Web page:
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|Title:||Hydrogen segregation, defects, and interactions with dislocations in nickel and aluminum|
|Author(s):||Sirois, Ernest Joseph, Jr.|
|Doctoral Committee Chair(s):||Birnbaum, Howard K.|
|Department / Program:||Materials Science and Engineering|
|Degree Granting Institution:||University of Illinois at Urbana-Champaign|
Engineering, Materials Science
|Abstract:||Deformation experiments were performed to determine the effects of hydrogen and carbon on the activation parameters for dislocation slip in macroscopic nickel tensile specimens. The results show that hydrogen increases the dislocation mobility in Ni and in Ni-H alloys by reducing the activation enthalpy for dislocation motion and carbon reduces the mobility by increasing the enthalpy. Stress relaxation results show that the relaxation proceeds in three stages, which may be characterized by different activation areas.
Secondary Ion Mass Spectroscopy experiments were performed to directly study the hydrogen (deuterium) distribution in several metal-hydrogen systems. Enhanced hydrogen (deuterium) concentration was observed at most grain boundaries, but not at coherent twin boundaries in Ni-H alloys which were exposed to low energy hydrogen (deuterium) plasma bombardment. Hydrogen (deuterium) was readily observed to segregate to a minority of grain boundaries in deformed, gaseous hydrogen charged, and low temperature aged Ni-H alloys.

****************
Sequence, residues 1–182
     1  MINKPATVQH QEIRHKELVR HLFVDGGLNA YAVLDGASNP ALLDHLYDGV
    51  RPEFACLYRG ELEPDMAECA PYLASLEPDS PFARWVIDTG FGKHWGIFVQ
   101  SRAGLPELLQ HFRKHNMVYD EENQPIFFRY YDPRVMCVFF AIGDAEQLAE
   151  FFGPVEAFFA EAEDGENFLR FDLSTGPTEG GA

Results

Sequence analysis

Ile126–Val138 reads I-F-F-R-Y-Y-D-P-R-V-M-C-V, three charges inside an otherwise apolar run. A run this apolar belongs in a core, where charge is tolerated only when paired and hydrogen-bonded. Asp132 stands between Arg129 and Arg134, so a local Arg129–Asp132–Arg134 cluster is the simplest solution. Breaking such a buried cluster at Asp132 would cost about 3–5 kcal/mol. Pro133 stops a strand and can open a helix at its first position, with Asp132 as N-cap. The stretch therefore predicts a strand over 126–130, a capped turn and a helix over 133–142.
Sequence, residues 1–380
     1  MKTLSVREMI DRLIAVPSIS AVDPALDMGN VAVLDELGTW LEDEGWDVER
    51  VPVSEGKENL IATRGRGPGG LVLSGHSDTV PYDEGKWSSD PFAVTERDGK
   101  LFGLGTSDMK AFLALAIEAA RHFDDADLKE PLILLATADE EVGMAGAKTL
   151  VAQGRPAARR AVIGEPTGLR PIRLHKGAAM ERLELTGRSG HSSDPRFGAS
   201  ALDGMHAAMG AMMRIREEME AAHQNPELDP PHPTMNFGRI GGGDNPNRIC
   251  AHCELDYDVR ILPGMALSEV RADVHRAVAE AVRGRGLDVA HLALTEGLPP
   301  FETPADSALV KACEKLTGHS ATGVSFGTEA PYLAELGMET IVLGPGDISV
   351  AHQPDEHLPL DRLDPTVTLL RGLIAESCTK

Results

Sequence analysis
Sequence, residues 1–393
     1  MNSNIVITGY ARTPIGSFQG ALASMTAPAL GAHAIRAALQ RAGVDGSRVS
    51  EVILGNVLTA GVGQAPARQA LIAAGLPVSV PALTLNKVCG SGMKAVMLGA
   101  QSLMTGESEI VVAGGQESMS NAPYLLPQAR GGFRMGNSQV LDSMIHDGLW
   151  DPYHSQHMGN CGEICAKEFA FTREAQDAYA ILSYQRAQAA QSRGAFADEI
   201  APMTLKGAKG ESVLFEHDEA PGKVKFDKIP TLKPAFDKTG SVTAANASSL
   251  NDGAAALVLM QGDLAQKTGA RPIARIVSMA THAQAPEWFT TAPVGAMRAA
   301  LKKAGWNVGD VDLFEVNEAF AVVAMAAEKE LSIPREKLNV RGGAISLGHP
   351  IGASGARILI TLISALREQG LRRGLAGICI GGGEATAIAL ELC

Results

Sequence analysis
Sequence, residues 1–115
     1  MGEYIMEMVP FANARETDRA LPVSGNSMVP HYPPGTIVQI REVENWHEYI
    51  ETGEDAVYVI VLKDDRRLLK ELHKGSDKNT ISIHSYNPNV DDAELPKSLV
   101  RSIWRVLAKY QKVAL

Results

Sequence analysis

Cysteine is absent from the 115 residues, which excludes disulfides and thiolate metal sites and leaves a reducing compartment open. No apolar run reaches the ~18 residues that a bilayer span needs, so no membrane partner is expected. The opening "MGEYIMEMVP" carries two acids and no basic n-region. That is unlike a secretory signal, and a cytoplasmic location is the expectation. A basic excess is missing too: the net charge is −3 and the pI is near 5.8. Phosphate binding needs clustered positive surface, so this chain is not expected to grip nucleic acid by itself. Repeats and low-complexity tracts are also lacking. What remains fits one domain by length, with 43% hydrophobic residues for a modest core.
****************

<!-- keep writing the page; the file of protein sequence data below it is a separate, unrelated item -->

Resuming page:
Small angle X-ray scattering experiments were performed to study hydrogen related defects in Ni-H and in Al-H alloys. Results for Al-H alloys show defects which exhibit anisotropic scattering, typical of platelet defects. Ni-H alloys show defects which exhibit isotropic scattering, suggestive of spherical void defects.
|Rights Information:||Copyright 1990 Sirois, Ernest Joseph, Jr|
|Date Available in IDEALS:||2011-05-07|
|Identifier in Online Catalog:||AAI9114415|
This item appears in the following Collection(s)
Graduate Dissertations and Theses at Illinois
Graduate Theses and Dissertations at Illinois
Dissertations and Theses - Materials Science and Engineering